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Reprod Nutr Dev. 1996;36(4):399-406.

Regulation of net hepatic glucose uptake: interaction of neural and pancreatic mechanisms.

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Department of Molecular Physiology and Biophysics, Vanderbilt University School of Medicine, Nashville, TN 37232-0615, USA.


Insulin and glucagon levels, the mass of glucose presented to the liver and the portal signal are important regulators of the liver's response to glucose delivery. The portal signal not only serves to direct glucose into the liver but also appears to stimulate its deposition in glycogen. Moreover, the portal signal impacts on tissues other than the liver: intraportal glucose delivery is associated with changes in glucose uptake by nonhepatic tissues and neurally-mediated enhancement of pancreatic insulin secretion. Our current understanding of the neural control of hepatic glucose metabolism includes a tonic block to the entry of glucose into the liver, probably mediated both by sympathetic neural activity and by a low insulin:glucagon ratio. An increase in the portal vein glucose level is detected by sensors in the portal region, which cause a decrease in the firing rate in the hepatic branch of the vagus nerve. The change in the afferent firing rate is processed in the hypothalamus and instigates a change in the efferent firing rate in the hepatic and pancreatic branches of the vagus (with corresponding increases in insulin secretion and net hepatic glucose uptake). The portal signal thus relieves the sympathetic inhibition of hepatic glucose uptake and enhances hepatic glucose uptake directly by stimulating the parasympathetic innervation to the liver and indirectly by enhancing insulin release.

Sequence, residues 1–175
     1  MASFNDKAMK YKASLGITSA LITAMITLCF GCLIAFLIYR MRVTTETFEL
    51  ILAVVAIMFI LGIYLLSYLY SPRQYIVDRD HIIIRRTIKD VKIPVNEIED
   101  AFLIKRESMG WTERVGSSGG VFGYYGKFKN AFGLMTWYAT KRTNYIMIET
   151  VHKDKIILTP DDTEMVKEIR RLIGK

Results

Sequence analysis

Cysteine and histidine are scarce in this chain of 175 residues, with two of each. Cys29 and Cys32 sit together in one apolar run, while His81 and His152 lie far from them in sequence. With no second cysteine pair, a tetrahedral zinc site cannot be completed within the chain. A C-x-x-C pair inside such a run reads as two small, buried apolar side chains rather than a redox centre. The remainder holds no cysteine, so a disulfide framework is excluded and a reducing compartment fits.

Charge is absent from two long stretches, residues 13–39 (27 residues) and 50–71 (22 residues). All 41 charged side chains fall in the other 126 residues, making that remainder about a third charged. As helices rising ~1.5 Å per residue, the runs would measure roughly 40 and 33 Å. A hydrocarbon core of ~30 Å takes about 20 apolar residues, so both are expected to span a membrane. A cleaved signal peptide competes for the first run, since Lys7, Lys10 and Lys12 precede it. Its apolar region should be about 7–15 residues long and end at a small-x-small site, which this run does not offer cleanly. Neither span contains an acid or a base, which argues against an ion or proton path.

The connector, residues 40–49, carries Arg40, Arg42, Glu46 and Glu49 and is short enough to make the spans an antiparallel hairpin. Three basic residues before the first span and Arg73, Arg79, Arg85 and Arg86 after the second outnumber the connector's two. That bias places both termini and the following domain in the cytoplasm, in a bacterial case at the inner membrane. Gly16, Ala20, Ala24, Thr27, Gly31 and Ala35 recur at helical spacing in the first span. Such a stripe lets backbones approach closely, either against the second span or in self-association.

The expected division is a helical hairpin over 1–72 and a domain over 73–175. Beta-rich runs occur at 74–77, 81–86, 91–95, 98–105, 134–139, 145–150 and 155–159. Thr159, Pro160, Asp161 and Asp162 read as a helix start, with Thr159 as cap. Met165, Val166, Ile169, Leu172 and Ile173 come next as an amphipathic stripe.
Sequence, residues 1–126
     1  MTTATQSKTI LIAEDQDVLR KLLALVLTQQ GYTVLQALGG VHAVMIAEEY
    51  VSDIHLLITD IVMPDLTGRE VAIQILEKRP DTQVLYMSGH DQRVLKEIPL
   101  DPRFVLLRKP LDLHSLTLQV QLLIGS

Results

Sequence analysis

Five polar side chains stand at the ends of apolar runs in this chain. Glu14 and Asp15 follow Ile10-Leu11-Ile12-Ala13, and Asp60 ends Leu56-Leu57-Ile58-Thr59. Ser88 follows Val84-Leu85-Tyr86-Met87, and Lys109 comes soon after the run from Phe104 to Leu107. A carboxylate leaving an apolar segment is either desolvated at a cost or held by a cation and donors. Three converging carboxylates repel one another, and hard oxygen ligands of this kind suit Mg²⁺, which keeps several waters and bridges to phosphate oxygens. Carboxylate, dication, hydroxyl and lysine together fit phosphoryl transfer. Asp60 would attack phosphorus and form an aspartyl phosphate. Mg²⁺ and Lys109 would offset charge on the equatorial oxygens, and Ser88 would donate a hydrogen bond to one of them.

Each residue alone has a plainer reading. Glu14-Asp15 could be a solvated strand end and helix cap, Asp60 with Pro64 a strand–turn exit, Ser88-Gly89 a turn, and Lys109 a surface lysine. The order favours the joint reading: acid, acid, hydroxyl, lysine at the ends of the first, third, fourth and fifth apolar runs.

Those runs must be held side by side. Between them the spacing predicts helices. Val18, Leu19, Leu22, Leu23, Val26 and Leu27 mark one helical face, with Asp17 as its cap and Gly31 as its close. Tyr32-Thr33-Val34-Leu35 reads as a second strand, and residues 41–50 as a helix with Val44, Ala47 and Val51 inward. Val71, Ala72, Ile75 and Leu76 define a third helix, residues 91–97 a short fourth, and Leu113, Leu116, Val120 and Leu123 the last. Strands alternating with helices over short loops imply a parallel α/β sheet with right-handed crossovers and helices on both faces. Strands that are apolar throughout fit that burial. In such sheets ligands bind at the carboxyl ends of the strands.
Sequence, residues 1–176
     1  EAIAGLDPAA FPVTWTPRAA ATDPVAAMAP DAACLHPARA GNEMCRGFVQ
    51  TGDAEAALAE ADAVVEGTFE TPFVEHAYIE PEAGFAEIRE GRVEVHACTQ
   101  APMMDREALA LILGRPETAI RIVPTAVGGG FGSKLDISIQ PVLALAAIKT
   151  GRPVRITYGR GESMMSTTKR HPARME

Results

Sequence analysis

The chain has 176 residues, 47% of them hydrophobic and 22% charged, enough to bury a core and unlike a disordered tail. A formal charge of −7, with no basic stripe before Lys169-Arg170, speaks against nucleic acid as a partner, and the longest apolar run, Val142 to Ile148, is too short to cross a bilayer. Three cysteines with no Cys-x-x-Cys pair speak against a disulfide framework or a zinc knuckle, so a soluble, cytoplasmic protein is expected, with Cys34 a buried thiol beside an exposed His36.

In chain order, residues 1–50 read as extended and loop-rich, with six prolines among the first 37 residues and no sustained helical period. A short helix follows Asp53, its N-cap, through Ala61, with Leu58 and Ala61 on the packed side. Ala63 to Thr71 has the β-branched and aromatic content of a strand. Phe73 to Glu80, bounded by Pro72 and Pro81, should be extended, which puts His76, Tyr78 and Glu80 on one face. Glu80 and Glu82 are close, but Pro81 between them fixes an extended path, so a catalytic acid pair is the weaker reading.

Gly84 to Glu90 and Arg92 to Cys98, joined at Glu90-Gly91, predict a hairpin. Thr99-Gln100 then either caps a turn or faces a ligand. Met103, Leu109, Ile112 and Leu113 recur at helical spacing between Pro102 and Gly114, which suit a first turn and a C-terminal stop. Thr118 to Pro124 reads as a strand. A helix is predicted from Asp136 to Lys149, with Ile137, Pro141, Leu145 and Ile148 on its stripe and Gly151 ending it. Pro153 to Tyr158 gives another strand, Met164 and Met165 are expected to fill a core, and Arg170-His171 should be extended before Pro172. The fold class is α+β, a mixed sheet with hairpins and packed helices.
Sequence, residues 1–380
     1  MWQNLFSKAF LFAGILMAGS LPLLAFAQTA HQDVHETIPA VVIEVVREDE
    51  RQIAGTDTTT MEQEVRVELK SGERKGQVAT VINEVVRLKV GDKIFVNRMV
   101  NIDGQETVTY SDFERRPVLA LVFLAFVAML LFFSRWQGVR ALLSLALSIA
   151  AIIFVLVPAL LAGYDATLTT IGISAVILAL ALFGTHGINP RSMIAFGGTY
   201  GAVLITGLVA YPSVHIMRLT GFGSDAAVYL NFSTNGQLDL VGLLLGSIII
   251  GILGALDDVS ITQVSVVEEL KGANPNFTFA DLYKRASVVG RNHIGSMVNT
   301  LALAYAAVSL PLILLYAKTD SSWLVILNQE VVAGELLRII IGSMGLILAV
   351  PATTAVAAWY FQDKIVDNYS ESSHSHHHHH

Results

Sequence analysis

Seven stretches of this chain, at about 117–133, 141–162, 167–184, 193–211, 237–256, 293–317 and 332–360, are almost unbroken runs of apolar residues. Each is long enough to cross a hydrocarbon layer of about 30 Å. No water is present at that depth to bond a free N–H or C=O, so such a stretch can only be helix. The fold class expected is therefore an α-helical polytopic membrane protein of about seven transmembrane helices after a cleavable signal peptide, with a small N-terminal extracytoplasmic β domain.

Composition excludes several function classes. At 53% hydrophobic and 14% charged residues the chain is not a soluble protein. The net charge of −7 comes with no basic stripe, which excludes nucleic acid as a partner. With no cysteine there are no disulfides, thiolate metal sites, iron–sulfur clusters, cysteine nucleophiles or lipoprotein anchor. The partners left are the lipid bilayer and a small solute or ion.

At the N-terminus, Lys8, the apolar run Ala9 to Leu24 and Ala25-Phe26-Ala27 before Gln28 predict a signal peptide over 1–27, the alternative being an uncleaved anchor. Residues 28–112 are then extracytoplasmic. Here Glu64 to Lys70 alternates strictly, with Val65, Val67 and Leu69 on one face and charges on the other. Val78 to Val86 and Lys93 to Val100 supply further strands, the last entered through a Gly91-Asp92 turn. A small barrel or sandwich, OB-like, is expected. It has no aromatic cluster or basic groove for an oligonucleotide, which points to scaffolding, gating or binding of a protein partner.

[Indexed for MEDLINE]

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